After 4 years everyone agrees with the fact that we live in a different World, especially the American citizens that voted on November 8th of 2016 for their leader: Donald Trump.

It has been four years of controversial leadership and governance, with strong positions and opinions, tweets and executive orders that shape a different America and a different World with a more domestic agenda to make “America Great Again”.

We are now in less than one month ahead of a new presidential term and the battle between Democrats and Republicans repeats having Donal Trump fighting for a second term against Joe Biden, the Ex-vice President under B. Obama Administration.

In terms of energy agendas, Joe Biden is presenting bolds and drastic changes to this sector while Trump does not present any goals and focus his entire campaign on his past achievements. In this article we will try to address the key-aspects of the two candidates, similar to our article written about the previous elections (here).


Trump’s energy policy agenda is based on maintaining jobs in the existing power industries, more specifically in oil & gas and coal sectors and to continue the strategy of “Energy Dominance”.

In its first term, The Trump Administration focused on expanding domestic fossil fuel production, on developing midstream infrastructures and pushing for more export capacity. By doing that, the U.S. reached the top spot as number 1 oil and natural gas producer.

To achieve that, 30 significant environmental regulations were relaxed in the first term and in a possible second would mean more deregulation to seek for a clear path to increase production of oil, gas and coal.

In terms of public land uses, a re-election would empower the administration to keep opening public lands and even offshore areas for oil and gas leasing despite local opposition. One of the sensible areas involved is 1.6 million acres in the Artic National Wildfire Refuge (ANWR) in Alaska.

Regarding the climate change, The Trump Administration has proven to be quite sceptical and if the current president is re-elected, is first act will be to formally withdraw from the Paris Agreement on the next morning after the elections.


On the other hand, the democratic candidate has pledged to return immediately to the Paris Agreement supporting is energy campaign on shifting the current scenario and leading the U.S. to carbon neutrality by 2050.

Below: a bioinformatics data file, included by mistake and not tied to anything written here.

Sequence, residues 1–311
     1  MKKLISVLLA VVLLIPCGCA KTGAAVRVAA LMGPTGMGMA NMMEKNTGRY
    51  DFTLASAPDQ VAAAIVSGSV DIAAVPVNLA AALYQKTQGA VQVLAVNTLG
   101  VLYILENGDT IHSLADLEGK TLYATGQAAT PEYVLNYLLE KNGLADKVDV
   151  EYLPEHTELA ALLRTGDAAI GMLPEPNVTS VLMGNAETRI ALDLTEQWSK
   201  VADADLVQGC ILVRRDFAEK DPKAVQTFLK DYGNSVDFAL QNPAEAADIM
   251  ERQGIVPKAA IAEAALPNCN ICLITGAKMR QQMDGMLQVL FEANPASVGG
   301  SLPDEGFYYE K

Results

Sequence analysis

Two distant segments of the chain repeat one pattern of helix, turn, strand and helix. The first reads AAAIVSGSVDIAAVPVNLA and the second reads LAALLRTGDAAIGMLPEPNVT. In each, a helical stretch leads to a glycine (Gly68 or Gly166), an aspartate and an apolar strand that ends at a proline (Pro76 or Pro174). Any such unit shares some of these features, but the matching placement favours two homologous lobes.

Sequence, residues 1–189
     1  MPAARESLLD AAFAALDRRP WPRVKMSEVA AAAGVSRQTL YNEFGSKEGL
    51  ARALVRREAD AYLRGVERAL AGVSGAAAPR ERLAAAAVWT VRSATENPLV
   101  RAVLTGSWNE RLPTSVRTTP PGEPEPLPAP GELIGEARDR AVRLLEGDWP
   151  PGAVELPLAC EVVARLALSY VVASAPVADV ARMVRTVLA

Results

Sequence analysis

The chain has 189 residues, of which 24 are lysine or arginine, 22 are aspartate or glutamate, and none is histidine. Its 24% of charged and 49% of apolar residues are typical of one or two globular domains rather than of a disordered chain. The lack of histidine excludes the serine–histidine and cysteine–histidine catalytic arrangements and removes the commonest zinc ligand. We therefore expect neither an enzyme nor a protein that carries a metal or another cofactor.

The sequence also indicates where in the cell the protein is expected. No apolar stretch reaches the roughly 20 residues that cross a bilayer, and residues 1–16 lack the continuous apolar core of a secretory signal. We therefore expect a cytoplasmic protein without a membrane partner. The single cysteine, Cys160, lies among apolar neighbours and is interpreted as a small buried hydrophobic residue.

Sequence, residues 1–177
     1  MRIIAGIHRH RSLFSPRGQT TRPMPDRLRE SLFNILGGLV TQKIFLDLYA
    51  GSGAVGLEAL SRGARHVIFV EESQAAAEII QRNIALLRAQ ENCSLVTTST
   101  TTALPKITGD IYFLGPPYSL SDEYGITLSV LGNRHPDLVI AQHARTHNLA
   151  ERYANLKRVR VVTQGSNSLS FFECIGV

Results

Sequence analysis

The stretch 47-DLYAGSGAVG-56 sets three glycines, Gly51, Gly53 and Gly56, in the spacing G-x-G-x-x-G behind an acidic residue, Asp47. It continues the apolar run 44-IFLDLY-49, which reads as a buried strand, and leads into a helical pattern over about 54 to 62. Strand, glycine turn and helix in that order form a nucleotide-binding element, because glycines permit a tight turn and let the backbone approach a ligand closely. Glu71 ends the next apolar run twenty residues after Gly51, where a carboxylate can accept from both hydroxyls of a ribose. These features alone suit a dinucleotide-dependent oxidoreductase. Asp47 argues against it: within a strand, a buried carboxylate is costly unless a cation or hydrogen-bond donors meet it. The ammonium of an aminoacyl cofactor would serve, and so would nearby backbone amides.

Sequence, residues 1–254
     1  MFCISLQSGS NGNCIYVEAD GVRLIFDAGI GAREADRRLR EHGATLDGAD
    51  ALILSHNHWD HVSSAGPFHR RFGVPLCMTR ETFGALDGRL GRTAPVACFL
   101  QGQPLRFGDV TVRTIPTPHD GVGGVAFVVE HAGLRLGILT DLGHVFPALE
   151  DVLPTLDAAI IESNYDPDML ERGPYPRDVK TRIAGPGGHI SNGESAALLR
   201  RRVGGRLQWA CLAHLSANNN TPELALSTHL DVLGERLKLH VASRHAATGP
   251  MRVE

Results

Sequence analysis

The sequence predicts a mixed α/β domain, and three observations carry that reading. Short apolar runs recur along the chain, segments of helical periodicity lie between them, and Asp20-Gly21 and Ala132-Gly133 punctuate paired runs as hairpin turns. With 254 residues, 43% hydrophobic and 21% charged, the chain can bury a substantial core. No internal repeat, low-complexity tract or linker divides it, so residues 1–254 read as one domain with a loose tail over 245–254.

According to his agenda, a ten-year plan of 1.7$ trillions will create a 5$ trillion of wealth in the energy industry, distributed in 500 million solar panels, 8 million solar roofs and community energy systems and 60 thousand wind turbines installed in the next 5 years.

His energy strategy also addresses the shift to EV vehicles as well as green hydrogen production at the same cost of hydrogen from shale gas.

The eventual election of Joe Biden to move to the White House will pressure the onshore gas and offshore oil industry segments as the shift of attention passes from fossil fuels to renewable energy alternatives. On this subject, Biden proposes to ban new oil and gas permitting on public lands and waters.

The Democratic party is supporting the Green New Deal that plans to scale up the renewable energy transition, using proceeds to eliminate poverty. There was some recent controversy around this subject in the debate that gathered both candidates, when Biden stated that we didn’t back the Green New Deal and explaining that he supported the Biden plan instead which, according to him, is different.


As always, the U.S. elections have huge impact inside and outside the borders even more in a moment where the World is facing a global pandemic that, according to WHO estimations, has infected 10% of the population and led to numerous lockdowns resulting in an economic crisis without precedent.